Under the present scheme, pregnant women and jobseekers with young children receive coupons entitling them to seven free pints of milk a week, purchased from retailers or milkmen, who claim money back from the government.
New DOH proposals would replace the coupons with vouchers enabling low income families to buy a selection of groceries to a certain cash value Â a system one senior industry source described as "fraught with practical problems". He added: "I think there is going to be a lot of opposition. The current scheme is not perfect, but it's simple and it's workable."
Practical issues such as whether change could be given and certain fruits would fall under the scheme and not others, could also cause major problems for checkout staff, said sources close to the discussions.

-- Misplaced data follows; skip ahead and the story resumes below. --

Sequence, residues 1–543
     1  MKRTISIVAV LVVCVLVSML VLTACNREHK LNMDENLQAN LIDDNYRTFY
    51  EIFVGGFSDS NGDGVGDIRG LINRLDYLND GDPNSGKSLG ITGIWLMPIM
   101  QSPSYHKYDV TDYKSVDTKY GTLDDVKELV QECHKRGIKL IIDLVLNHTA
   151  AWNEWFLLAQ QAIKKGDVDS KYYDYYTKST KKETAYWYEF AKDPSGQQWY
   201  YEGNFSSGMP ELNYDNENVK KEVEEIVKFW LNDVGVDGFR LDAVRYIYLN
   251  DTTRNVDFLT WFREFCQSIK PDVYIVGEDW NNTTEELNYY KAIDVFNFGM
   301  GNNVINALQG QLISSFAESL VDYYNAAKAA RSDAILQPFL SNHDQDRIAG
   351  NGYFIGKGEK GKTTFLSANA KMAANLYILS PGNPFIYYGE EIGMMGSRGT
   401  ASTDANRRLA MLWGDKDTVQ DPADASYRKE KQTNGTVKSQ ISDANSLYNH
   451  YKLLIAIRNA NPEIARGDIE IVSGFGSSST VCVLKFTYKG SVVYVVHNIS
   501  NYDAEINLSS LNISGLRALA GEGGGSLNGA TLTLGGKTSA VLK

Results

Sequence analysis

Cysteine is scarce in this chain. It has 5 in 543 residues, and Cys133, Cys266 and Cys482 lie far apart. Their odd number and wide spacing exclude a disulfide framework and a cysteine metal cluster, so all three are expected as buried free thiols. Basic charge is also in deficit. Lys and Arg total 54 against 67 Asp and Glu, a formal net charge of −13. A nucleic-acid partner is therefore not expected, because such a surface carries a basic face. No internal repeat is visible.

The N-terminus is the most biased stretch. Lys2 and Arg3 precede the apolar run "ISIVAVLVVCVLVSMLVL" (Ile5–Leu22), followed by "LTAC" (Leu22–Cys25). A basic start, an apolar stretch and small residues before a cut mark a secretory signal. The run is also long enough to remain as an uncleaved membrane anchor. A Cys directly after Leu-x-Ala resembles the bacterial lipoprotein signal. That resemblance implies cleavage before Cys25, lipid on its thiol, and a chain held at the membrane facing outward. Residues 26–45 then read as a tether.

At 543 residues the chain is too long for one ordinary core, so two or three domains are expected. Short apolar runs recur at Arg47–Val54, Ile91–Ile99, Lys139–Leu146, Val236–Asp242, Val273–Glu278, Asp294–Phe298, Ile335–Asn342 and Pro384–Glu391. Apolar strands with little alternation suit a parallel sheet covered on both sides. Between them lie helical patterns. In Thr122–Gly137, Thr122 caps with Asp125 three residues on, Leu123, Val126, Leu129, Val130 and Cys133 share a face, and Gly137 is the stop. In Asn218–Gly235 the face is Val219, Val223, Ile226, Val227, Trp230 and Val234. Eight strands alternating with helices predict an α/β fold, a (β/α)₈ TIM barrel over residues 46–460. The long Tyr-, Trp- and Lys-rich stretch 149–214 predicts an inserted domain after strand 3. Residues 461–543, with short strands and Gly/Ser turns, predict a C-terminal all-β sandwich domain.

Given this kind of voucher would more likely be spent at a supermarket than with the milkman or a local store, doorstep businesses and smaller shops would feel the most pain, said Dairy Industry Association director general Jim Begg. Milk processors would also stand to lose a sizeable chunk of business to other sectors, unless the overall Â£142m budget was raised. "This proposal will hit a large number of small businesses involved in retail milk distribution and may even threaten their financial viability," said Begg. "I believe it will be challenged widely by a number of sectors on nutritional and economic grounds."